White-Tailed Titi, Plecturocebus discolor
Geographic Distribution and Habitat
White-tailed titi monkeys—also called red titi monkeys, and not to be confused with coppery titis (Callicebus cupreus) who are also commonly called red titis—are native to the dense rainforests and gallery forests of Ecuador and Peru. A small population can also be found in Colombia.
Size, Weight, and Lifespan
White-tailed titis are small monkeys. Males weigh 1.7–2.5 lb (0.8–1.2 kg) with a height of 11–17 in (30–45 cm); females weigh 1.5–2 lb (0.7–1 kg) with a height of 11–16 in (29–42 cm). Males have a longer tail than females: 14–25 in (39–50 cm) versus 15–19 (39–50 cm).
Their lifespan is approximately 12 years.
Applying or rubbing a substance on oneself.
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The body and tail of white-tailed titis are covered in soft and silky brownish fur with specs of white. Their belly, arms, and sideburns are a bright rust color. A band of white hair outlines their forehead. Their small round ears barely protrude from the thick fur on each side of the head. Their face is small and hairless with hazel-brown eyes, a flat nose, and thin lips. The air sac in their larynx allows them to produce very loud calls. Their hands and feet have opposable thumbs and toes.
White-tailed titi monkeys feed mostly on fresh fruit and seeds, which they pick by hand while using their tails for balance. They supplement their nutritional intake by consuming leaves and invertebrates when fruit is not sufficiently abundant. Populations living at the edge of the forest consume many more leaves than other titi monkey groups. This makes sense since fruit is more difficult to find there and the trees at the edge of the forest are exposed to the sun, so their leaves provide more protein than the leaves found in the thick of the forest.
Behavior and Lifestyle
These diurnal monkeys are inconspicuous and difficult to observe while they travel in the canopy. They move between trees and branches by walking on four limbs or by jumping. The only time of day when their presence is easily detectable is early morning when they produce loud duets. These songs are thought to express the bond that links a male and a female and share territorial information with other titi monkeys.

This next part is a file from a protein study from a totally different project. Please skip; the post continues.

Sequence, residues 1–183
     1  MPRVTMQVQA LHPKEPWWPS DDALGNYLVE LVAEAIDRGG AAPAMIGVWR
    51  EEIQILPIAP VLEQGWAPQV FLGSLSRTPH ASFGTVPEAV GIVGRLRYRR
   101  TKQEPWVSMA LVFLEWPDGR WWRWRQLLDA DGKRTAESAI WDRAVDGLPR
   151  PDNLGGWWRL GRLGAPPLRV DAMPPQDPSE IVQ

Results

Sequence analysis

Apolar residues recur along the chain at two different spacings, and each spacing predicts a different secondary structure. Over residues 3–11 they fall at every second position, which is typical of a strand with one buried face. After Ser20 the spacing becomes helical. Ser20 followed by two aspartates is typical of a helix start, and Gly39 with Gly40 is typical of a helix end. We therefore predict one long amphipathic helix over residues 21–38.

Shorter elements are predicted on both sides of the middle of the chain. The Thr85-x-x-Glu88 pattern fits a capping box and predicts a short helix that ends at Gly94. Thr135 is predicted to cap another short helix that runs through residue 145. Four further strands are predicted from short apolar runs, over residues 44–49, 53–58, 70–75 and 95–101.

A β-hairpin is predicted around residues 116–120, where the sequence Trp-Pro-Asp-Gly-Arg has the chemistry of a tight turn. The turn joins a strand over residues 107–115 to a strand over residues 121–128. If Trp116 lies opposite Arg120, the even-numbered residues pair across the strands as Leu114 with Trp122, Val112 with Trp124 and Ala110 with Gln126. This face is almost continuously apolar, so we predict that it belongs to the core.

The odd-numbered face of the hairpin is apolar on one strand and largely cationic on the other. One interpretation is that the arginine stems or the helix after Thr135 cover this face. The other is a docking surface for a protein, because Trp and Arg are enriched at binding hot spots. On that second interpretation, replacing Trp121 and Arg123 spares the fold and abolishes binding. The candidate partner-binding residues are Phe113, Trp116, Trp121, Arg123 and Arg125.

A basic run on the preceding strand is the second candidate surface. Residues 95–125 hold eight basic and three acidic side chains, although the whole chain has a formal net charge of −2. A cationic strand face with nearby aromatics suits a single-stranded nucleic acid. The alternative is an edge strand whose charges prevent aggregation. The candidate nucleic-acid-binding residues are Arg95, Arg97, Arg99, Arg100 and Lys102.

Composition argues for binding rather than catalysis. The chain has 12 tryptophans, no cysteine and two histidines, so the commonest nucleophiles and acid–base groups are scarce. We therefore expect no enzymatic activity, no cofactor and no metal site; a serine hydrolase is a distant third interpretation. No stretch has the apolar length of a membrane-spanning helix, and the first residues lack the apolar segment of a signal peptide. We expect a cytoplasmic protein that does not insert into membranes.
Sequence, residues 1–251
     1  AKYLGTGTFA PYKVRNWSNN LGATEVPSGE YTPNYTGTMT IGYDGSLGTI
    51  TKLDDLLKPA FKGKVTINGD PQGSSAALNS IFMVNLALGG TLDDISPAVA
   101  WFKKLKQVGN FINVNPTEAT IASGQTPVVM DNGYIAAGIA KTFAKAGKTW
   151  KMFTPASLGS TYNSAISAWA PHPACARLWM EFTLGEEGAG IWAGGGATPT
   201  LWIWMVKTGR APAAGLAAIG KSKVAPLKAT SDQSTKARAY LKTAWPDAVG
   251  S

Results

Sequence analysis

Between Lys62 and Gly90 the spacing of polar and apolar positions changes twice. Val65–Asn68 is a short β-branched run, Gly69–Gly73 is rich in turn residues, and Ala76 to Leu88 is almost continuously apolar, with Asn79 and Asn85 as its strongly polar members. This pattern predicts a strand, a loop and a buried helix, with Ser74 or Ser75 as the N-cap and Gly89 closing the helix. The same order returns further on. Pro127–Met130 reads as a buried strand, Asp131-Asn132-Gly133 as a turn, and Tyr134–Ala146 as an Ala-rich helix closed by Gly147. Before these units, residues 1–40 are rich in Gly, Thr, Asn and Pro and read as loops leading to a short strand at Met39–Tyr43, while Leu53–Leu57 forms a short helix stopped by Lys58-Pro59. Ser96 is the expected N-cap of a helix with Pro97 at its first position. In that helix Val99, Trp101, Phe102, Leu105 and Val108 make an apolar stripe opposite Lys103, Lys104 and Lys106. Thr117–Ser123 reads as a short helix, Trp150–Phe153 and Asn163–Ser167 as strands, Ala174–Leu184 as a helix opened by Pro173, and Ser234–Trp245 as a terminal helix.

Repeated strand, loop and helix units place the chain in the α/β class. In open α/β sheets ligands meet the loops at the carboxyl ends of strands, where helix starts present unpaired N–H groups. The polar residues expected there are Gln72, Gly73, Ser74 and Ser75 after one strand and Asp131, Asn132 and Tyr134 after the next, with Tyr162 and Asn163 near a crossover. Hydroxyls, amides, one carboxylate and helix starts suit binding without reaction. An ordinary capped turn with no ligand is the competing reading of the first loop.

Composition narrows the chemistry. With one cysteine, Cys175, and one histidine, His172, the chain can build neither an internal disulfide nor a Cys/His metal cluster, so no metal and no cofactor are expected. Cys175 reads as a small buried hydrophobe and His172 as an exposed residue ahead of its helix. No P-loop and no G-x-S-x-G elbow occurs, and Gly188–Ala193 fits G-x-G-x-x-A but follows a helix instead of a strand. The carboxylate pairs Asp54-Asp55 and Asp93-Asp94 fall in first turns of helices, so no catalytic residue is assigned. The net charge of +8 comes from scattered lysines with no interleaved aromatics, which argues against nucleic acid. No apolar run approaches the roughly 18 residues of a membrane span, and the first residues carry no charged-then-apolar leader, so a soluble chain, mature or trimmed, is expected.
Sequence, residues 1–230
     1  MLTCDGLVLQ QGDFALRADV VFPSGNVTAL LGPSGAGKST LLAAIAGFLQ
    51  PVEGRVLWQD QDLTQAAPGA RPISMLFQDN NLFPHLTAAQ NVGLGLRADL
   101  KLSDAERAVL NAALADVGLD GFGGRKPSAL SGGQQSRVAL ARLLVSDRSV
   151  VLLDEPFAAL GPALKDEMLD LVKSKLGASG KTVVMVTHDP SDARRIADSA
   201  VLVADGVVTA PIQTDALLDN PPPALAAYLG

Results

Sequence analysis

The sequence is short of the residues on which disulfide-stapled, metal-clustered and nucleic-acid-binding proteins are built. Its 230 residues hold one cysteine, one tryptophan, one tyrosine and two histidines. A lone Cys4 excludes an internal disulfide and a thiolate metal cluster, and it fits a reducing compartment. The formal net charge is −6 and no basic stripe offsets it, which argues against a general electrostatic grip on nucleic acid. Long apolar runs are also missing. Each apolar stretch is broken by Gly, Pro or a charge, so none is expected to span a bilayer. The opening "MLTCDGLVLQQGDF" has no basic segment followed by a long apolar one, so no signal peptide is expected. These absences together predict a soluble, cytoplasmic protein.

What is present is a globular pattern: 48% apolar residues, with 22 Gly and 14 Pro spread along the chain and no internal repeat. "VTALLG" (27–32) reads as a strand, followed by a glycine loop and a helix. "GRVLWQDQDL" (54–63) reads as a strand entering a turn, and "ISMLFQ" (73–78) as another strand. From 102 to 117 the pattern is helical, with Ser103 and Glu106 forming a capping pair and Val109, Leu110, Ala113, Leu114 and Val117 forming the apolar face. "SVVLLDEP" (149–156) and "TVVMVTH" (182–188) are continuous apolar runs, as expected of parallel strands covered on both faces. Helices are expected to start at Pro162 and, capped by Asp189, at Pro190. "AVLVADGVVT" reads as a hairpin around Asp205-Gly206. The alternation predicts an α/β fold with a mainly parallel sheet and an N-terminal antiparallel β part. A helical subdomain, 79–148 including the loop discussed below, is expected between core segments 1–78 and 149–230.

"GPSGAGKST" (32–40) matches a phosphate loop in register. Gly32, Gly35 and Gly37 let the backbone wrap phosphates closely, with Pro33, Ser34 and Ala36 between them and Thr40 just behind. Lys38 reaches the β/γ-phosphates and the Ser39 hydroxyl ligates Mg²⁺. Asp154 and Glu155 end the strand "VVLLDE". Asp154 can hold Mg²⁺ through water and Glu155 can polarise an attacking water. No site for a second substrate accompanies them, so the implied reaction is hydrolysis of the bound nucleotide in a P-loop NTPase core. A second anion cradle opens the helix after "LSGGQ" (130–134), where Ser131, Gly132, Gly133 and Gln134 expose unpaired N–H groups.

The Secoya people, who live near the Aguarico River in Ecuador, believed non-human primates to be the allies of gods and people.
When western naturalists Geoffroy Saint-Hilaire and Deville first discovered white-tailed titi monkeys in 1848, they named them Callicebus discolor. The word callicebus comes from Latin (calli) and Greek (kebos) and means pretty long-tailed monkey.
The species has since been identified as belonging to a different genus and its scientific name was modified to Plecturocebus discolor.
White-tailed titi monkeys live in family groups of up to seven members that include one adult male, one adult female, and their offspring. The parents are monogamous and bonded for years. They eat, travel, sleep, and defend their territory together.
Members of the family, especially the bonded pair, spend a lot of their resting hours grooming each other–an activity that reinforces the bonds between them. They also engage in tail entwining: that is, two individuals wrap their tails around each other’s, both during the day and while sleeping. This serves both to reinforce bonds and to balance one another. The pair prefers each other’s company to that of other titi monkeys and show signs of distress if the partners become separated from one another. However, if one partner completely disappears or dies, he or she is replaced by another partner overtime.
The groups sleep in trees. They wake at about 50 minutes before sunrise, relax for a while, and take off to forage just about 2 hours after sunrise. They do not sleep in the same trees they feed from, so foraging for food begins when they depart from their night quarters. Between between January and April, feeding begins earlier than it does during the rest of the year.
Self-anointing has been observed in this species. Individuals have been observed chewing on leaves of flowering shrubs, trees, and vines then rubbing their bodies with the chewed leaves. The significance of this behavior is not known; perhaps some of these plants have insect repellent properties.
Like other primates, white-tailed titis use a variety of vocalizations to communicate. They produce calls in solos, duets, and choruses that are very specific to the species. In fact, by playing taped duets and waiting for responses from animals belonging to the same species as those in the recordings, scientists are able to identify which titi monkey species are present in the area and how many.
Pairs and/or members of a group produce loud calls in the early morning or after dawn. The atmospheric conditions at that time of day are perfect for carrying the calls far into the forest. Duets are composed of sequences that usually begin with moans and high-pitched syllables, followed by long bellows, and punctuated by a series of rapid syncopated syllables. A male and female join together to sing with such precision that their combined voices sound like they are coming from a single individual. These duets convey to other monkeys that the couple is bonded and the territory is their own. The songs last a few minutes and finish with a series of honk sounds.
Studies indicate that some titi monkey species produce specific alert call sequences that vary in duration and rate depending on the type and location of predators. It is not unreasonable to speculate that white-tailed titi monkeys do the same.